The question "are you interviewing at other companies" is a blunt way of trying to find out if you are devoted to their company and primarily interested in their company above all others.

Normally, it is usually obvious when a candidate is focusing on a single company, but some employers go the extra step of asking the blunt question. My view is that if you even have to ask a question like this, the likelihood is that the candidate is not solely interested in your company.

In terms of answering it, just the simple truth that you are considering other companies is enough.


Why do we overanalyze this? Just answer yes in any case, there won't be any benefit in admitting: no I'm not interviewing with anyone else. The only thing you'll convey is "I can't get other interviews at this time", surely not "I'm interviewing only with you because I want really bad to join your company", like, even if you wanted, what if they found a better fit? You'll always have to have some kind of B or C plan (but feel free to have plans till the Z), this is basic survival.

There is only one thing I came up with if you actually said "no", perhaps you'll convey you're not much interested in changing your workplace, and this will be up to your interviewer to interpret depending on their assumptions and their current situation, but this of course is valid only if you're currently employed.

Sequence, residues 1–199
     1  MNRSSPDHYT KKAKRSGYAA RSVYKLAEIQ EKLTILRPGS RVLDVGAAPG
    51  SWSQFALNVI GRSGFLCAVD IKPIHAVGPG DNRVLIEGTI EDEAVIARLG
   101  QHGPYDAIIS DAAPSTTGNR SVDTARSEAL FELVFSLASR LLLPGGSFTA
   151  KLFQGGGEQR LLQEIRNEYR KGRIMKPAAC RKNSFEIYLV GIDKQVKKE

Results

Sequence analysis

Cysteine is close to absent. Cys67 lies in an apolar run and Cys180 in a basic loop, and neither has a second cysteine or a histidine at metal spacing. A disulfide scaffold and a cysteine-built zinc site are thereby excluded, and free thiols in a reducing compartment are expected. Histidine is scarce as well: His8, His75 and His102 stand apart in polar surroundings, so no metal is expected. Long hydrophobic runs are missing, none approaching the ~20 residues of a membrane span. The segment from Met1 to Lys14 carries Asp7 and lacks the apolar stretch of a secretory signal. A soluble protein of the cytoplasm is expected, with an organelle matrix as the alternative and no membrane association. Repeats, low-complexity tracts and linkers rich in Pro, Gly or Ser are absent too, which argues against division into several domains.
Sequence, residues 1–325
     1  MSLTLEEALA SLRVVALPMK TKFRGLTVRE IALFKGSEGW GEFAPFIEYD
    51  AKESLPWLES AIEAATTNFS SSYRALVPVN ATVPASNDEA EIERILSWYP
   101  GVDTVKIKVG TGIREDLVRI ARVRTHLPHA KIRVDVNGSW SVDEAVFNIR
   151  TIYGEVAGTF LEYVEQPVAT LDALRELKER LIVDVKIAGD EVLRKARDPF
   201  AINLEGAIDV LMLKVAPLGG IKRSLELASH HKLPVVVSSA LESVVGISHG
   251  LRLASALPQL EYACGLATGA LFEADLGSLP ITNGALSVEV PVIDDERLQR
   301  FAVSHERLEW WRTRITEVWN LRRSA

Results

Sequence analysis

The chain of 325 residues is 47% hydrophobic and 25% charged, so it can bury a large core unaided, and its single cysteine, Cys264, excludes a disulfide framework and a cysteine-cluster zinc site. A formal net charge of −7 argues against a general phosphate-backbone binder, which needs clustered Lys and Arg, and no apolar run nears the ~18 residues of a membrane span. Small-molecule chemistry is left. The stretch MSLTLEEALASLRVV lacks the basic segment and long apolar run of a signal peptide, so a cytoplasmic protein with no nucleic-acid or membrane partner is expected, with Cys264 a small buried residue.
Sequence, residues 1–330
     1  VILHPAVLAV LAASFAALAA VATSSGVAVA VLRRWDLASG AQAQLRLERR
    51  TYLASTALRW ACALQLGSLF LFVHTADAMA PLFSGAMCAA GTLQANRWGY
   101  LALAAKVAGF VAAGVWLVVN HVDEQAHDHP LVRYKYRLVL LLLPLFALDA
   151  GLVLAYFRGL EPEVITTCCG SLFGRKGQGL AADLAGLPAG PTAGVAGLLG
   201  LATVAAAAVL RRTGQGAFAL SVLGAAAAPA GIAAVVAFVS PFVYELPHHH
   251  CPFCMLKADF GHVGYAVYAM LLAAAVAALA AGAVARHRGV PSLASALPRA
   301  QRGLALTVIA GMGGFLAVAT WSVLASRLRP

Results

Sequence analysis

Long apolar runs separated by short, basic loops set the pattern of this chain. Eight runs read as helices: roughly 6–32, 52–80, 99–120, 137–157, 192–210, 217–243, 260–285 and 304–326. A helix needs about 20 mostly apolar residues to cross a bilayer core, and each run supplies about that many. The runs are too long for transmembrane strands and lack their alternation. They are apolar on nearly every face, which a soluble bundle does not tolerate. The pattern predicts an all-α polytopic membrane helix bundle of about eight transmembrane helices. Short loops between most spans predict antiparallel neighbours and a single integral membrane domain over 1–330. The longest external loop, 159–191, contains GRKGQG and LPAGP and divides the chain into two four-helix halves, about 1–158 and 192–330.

Referring to your possible answer, as a rule of thumb never answer a question with another question if you don't want to sound like a smartass. It could be funny and all between friends or useful for the discussion when you're in a meeting and want to move the concentration spotlight to another area/dilemma, surely not in a formal setting.


Do not waste their great question. Sometimes, this question can be used to help you in unique way.

Few years ago, as a software developer, when I interviewed with 4 companies at once, in all places I discussed this openly. I replied like

Besides your company, I am currently interviewing with the IBM, Oracle and Microsoft in this city [two names were an example here, one of them was true] in area of my expertise (and passion), seeking an interesting project and good team to spend further years with. During the interviews I already found one very interesting opportunity and another technologically compelling offer but my search is not over yet, this is why I am here. Maybe your offer is what we both are searching for. :) So after answering your questions, I also have some questions for you to better discover this job opportunity.

Since in my city the software development job market is unsaturated and these players are mutually aware of their presence, they always tend to compete in drafting quality people, this turns the table... Not only I want them, but they are wanting me to buy into their offer.

This makes the interview feel a bit closer to two business partners agreeing the contract. Now they know they can lose potentially interesting resource to 3 other known companies. And this all started with honest answer to they question about my interviews with other companies.

So if possible in your setting, think about using their question for your benefit in truthful and sensible way.